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Tom Brady & Gisele Divorce: A Somber Reminder for Christian Couples

Media & Biblical Advice
By Kyra Thompson

Image: Deposit Photo

Here we are again with news of yet another celebrity-couple divorce. Tom Brady and Gisele Bündchen officially ended their marriage of 13 years on October 28. The couple gave their reasons for the split in individual statements on social media and to the press saying they had “grown apart.” 

Additionally, both said they had finalized the divorce “amicably” and wished the best for each other with gratitude for the time they spent together. While mostly everyone would agree that news of any divorce is always sad, some may hear the positive statements from Brady and Bündchen and think, “Well, at least it isn’t a nasty split.”

I am here to warn strongly against that mindset and to argue that every divorce is nasty, no matter how “amicable” the two parties may appear. In fact, many Christians may not even realize how detrimental having such a blasé attitude toward divorce can be to the future of a morally healthy society. But I wanted to write this post to remind the church, and parents in particular, how serious divorce actually is to God and therefore should be to us. 

Don’t get me wrong – I am not here to try and pick apart or cancel Brady and Bündchen for their discouraging choice to end their marriage. I don’t want to insult them or become one of the many criticizing voices on the internet always nitpicking celebrities’ lives. I don’t know them personally and I don’t know what their profession of faith is, so I cannot make a judgment. I simply want to use this opportunity to say “Yoo-hoo!” to those who actively want to seek Christ and His ways. Romans 12:2 reminds us not to be conformed to this world but to be transformed by the renewing of our mind. I would like us to take a moment to renew our minds to how God sees divorce and what we should be teaching our children by precept and example.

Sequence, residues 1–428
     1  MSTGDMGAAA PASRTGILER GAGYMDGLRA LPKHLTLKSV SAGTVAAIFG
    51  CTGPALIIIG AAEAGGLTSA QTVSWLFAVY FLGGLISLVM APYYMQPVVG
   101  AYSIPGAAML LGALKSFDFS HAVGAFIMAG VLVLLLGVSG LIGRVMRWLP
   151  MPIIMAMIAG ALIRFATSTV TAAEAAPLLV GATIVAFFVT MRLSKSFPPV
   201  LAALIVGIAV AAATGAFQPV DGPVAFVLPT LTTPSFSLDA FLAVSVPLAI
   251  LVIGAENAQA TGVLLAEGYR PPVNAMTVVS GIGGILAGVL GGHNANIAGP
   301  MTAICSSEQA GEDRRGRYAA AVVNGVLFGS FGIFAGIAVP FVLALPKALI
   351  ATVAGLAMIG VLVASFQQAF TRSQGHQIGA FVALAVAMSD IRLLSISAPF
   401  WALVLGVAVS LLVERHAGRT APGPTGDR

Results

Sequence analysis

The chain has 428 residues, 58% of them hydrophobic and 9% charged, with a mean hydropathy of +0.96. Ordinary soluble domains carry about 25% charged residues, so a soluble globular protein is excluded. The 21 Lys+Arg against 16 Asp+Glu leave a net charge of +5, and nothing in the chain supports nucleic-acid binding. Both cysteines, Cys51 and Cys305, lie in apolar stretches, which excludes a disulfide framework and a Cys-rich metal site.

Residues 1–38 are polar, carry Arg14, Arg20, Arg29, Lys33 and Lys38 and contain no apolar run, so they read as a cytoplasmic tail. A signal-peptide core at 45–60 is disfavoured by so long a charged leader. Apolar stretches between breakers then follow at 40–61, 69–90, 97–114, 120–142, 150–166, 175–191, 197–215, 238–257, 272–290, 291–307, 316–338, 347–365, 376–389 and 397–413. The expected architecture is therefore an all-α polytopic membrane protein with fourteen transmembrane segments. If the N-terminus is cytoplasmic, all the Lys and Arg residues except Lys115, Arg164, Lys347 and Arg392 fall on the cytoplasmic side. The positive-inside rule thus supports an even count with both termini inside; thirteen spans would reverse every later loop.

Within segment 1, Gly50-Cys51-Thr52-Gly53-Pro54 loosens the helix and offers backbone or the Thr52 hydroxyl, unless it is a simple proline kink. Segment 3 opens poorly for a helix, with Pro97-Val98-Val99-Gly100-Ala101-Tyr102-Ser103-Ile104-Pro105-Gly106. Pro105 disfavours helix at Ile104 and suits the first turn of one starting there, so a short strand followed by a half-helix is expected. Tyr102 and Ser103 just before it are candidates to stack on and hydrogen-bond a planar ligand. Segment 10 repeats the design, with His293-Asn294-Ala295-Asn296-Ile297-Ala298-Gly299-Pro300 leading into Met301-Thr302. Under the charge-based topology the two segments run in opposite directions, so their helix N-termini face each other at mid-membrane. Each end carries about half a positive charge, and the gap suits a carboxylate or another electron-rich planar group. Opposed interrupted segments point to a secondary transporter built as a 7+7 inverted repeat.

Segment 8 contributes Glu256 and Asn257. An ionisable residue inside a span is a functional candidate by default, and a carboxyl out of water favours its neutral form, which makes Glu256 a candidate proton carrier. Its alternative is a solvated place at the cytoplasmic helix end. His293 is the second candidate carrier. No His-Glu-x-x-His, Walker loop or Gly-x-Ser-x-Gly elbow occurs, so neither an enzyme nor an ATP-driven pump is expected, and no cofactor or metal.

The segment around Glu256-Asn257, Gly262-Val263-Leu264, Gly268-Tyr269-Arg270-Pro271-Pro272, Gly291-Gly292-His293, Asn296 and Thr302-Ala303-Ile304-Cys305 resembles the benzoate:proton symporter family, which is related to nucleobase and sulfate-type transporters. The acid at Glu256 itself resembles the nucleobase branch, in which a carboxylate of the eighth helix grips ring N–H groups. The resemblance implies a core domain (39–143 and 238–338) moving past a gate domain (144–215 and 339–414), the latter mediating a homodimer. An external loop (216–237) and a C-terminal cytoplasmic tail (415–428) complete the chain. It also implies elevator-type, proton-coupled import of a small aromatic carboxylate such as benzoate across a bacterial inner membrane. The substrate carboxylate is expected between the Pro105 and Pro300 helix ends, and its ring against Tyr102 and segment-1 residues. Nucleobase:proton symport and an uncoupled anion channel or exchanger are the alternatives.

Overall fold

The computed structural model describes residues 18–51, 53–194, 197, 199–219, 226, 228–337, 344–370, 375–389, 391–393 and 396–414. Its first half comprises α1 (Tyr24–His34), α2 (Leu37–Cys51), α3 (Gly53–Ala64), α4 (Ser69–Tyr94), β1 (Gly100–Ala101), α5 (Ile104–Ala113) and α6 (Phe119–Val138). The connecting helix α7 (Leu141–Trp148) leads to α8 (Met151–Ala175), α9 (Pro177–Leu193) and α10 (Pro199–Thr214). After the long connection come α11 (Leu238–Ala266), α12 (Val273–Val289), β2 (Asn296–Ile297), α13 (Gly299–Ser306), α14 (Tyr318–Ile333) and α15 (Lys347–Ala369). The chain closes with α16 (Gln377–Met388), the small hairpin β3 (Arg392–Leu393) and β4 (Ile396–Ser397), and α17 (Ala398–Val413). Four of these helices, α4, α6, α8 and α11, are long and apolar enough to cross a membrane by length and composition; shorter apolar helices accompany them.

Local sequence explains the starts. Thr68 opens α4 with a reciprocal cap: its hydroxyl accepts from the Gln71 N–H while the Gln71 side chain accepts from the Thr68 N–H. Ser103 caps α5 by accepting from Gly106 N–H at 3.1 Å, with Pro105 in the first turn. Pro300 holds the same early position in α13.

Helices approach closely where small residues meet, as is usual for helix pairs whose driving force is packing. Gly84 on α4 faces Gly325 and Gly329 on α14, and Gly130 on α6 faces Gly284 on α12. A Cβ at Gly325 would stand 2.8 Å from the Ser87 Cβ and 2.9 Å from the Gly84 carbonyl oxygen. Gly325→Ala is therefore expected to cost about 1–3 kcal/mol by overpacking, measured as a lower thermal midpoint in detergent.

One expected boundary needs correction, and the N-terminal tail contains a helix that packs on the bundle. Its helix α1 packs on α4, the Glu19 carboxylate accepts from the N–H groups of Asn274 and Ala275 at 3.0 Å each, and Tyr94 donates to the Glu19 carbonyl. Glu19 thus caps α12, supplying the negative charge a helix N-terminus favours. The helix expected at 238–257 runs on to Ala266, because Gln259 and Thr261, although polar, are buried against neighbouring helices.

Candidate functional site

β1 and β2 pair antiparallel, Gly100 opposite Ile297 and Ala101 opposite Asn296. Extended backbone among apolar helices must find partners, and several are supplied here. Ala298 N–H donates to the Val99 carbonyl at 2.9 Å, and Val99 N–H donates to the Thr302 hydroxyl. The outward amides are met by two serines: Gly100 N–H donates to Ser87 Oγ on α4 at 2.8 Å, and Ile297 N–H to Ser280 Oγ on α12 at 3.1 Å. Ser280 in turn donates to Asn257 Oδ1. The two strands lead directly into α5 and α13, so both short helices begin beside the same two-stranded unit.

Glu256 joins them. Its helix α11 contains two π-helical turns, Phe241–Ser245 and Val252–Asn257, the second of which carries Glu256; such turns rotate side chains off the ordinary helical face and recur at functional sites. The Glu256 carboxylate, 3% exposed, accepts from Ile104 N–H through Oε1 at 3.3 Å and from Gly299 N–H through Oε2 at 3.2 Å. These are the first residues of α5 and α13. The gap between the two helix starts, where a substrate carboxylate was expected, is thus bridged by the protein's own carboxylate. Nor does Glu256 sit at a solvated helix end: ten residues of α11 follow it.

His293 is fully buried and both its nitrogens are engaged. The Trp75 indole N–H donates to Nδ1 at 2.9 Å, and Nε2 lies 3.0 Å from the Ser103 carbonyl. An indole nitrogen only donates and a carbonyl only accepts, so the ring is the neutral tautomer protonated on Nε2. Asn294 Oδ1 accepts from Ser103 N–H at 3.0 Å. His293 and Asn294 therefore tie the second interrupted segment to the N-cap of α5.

God: “I Hate Divorce” 

Yeah. It is that simple. God just said it straight-up in Malachi in 2:16: “For I hate divorce,” says the Lord, the God of Israel…”

The rest of that passage goes on to compare divorce to violence against the one who should be protected. How could a peaceful and “amicable” divorce be likened to violence? To answer this question we need to first understand how God sees marriage. 

Everyone knows about the first relationship: Adam and Eve in the Garden of Eden. Scripture tells us that God said, “Therefore a man shall leave his father and his mother and hold fast to his wife, and the two shall become one flesh” Then Jesus continued that idea in Matthew 19:6 when He said, “So they are no longer two but one flesh. What therefore God has joined together, let not man separate.” When you realize the reality of this covenant of marriage and how God sees it as now one flesh, it makes a lot more sense how the separation of that could be considered violence. If you tear apart someone’s flesh, there is bound to be a lot of pain. 

Ephesians 5:22-33 magnifies the significance and meaning of marriage even further. Paul, inspired by the Holy Spirit, wrote to wives and husbands about how to treat each other and in the middle of this instruction, he stated how we (the church) are Christ’s body, His flesh, and His bones. Again, Genesis 2 is referenced. At the end, Paul throws a curveball that revolutionizes the entire passage. Ephesians 5:32: “This is a great mystery: but I speak concerning Christ and the church.”